Ellington veterans tell their stories to Center School students

By Steve Smith - Staff Writer
Ellington - posted Sun., Nov. 17, 2013
Jack Lomot, an 89-year-old retired sergeant with the U.S. Army, sits with his grandson, Edward, at Center School's 'Take a Veteran to School Day' on Nov. 11. Photos by Steve Smith.
Jack Lomot, an 89-year-old retired sergeant with the U.S. Army, sits with his grandson, Edward, at Center School's 'Take a Veteran to School Day' on Nov. 11. Photos by Steve Smith.

Ellington's Center School honored the military on Nov. 11, with a Veterans Day assembly at the school that invited members of the military to share something about themselves and their experiences. During the second annual Take a Veteran to School Day, 15 students introduced their mothers, fathers, grandfathers and family friends to their schoolmates.

"We're here to take a moment this afternoon to show our veteran visitors how much we appreciate them, and how much they matter," said Center School Principal Trudie Luck Roberts.

Leo, a fourth-grader, explained what Veterans Day is. "Each year, Veterans Day is celebrated on November 11th," Leo said. "It is the day set aside to honor and pay tribute to all of those who are serving or have served in our American military for their service to our country," he explained.

Fourth-grader Anna quoted former Ohio Gov. Robert Taft, who said, "Many have left their families to defend our freedom. We salute their bravery. We express our appreciation in support for their families. We are grateful for their safe return."

Of the 18 servicemen and women invited to the event, 11 represented the Army, three the Marines and two each from the Navy and the Air Force.

John Symanski was introduced by his son, Ethan. Szymanski is a retired Chief Petty Officer from the U.S. Navy, but still works with the Department of Veterans' Affairs.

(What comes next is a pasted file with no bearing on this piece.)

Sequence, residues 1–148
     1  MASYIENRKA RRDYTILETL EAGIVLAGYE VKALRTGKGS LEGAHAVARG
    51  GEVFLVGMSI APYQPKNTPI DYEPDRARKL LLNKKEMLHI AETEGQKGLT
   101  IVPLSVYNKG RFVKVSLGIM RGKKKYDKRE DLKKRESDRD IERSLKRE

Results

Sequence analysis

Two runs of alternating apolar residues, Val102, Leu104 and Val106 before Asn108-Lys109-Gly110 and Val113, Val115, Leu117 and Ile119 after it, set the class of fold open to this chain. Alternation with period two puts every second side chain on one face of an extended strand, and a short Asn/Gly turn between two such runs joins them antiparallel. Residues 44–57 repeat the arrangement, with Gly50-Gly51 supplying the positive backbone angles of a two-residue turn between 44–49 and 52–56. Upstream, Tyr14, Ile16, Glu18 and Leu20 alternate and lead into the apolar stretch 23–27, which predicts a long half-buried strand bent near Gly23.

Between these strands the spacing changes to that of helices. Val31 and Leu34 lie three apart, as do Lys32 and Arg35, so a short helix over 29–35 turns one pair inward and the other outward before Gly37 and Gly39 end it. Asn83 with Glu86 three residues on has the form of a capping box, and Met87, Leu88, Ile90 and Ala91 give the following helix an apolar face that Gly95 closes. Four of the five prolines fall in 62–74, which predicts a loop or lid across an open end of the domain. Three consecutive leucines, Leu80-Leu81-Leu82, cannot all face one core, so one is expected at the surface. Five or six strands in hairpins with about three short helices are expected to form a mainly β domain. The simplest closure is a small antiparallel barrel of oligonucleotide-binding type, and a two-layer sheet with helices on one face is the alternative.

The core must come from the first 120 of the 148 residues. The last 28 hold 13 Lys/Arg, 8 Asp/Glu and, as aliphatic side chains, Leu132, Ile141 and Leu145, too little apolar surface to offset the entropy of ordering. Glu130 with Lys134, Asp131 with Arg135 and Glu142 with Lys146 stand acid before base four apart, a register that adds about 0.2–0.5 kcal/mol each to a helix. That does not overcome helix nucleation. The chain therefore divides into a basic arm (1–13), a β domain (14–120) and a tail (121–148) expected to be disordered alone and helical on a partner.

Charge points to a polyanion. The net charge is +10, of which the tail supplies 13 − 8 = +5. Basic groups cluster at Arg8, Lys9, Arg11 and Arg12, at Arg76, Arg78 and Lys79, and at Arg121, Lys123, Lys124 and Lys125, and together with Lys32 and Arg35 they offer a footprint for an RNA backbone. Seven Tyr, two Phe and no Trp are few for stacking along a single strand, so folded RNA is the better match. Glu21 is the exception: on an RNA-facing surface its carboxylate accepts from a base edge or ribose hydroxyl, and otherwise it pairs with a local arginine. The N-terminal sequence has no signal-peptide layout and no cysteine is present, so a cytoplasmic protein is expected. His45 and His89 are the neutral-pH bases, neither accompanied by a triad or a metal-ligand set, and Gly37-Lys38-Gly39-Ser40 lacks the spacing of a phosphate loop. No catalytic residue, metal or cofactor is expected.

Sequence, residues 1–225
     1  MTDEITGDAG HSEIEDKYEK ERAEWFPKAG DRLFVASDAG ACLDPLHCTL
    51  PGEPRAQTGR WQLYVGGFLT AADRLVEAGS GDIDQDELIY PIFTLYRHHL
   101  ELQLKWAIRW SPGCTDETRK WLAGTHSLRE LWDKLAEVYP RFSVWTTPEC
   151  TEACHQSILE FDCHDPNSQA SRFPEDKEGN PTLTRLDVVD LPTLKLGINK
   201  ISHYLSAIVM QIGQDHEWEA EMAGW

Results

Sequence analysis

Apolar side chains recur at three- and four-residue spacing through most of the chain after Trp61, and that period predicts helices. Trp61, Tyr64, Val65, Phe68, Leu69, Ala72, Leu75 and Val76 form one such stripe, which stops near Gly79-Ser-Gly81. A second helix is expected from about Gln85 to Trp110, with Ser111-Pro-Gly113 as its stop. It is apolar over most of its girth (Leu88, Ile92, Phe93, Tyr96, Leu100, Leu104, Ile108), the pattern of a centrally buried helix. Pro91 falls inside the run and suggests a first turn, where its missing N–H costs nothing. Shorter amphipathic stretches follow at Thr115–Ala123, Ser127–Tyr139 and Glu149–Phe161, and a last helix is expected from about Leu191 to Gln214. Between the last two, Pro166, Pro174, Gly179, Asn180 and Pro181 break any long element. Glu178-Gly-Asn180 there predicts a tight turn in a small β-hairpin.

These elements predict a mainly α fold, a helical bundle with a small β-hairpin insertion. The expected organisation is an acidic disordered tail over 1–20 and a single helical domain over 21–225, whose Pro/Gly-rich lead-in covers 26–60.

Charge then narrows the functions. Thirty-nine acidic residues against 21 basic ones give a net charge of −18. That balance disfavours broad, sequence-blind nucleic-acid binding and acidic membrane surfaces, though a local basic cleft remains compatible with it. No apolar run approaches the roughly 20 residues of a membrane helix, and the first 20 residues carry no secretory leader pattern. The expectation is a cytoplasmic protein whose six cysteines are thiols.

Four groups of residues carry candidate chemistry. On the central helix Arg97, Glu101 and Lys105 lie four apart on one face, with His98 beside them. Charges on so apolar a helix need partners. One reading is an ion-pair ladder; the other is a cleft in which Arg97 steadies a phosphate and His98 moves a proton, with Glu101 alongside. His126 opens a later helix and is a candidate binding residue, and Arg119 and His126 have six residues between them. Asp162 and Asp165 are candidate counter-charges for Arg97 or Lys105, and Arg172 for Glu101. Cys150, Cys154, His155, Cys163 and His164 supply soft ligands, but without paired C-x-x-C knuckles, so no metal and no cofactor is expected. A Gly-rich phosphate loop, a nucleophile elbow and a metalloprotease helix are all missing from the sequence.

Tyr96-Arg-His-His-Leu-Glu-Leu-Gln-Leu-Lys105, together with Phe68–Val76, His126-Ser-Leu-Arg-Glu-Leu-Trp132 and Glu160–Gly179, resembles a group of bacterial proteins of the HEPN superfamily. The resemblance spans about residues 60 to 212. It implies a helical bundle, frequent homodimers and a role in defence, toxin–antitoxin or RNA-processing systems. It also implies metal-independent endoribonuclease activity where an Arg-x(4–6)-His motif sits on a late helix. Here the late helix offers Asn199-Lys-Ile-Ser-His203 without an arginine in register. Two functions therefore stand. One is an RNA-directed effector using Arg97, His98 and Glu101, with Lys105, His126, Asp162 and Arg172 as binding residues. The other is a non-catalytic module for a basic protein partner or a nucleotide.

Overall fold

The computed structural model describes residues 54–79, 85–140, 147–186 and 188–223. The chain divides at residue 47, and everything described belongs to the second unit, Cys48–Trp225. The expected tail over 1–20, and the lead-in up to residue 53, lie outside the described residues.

Szymanski said he first went to boot camp at the age of 17, and had joined at the urging of his best friend. "Here I am, 26 years later, and I've been to 38 countries, and in two wars," Szymanski said, adding that Evan had wanted him to mention that he also spent a year in the desert. "You don't think about the Navy much in the desert, but there are lots of us in the desert. I also wanted to mention that I was on a submarine, for just a weekend. I'm not a big fan of submarines."

Szymanski said serving in the military has been a big part of his life. "Other than being Evan's father, it is the thing I'm most proud of in my life," he said.

Similarly, Joshua Hebert, who serves in the Air Force Reserves, thanked his son, Hunter. "It's a privilege to serve this country, and to be able to be free," he said. "I want to thank Hunter for his support, too, because if he doesn't behave himself, it doesn't allow me to do the job that I need to do to take care of my family."

Robert West was brought to the school by his grandson, Brennen, who is a new student to Center School. West said he didn't choose his service, but was part of the country's last draft, in September of 1969. He was an infantryman in Vietnam and was on the front lines a lot, where he learned to not take some things for granted.

"When you take a shower, enjoy it," he said. "When you flush a toilet, enjoy it, because it's totally different [there.]"

West became emotional talking about the Vietnam veterans and their return home to the U.S. "It was also a different life when I got out," he said. "Other Vietnam vets will tell you, we weren't accepted. Thank you for accepting us now."

Marine Sgt. Greg Caron, who served in Iraq and Afghanistan and lost both of his legs in an IED explosion on Nov. 12, 2011, was the last veteran to speak. He said that while his losses are obvious, he is still proud to have served.

"We all sign up and it's not an easy job," Caron said. "It's very dangerous, and I can tell you we don't do it for the money. We do it because we want to provide you guys with all the freedom that we had, and that in the future, my children will have. After going to Iraq and Afghanistan, you realize how great we have it here in the United States. It was a great experience. I have no regrets."

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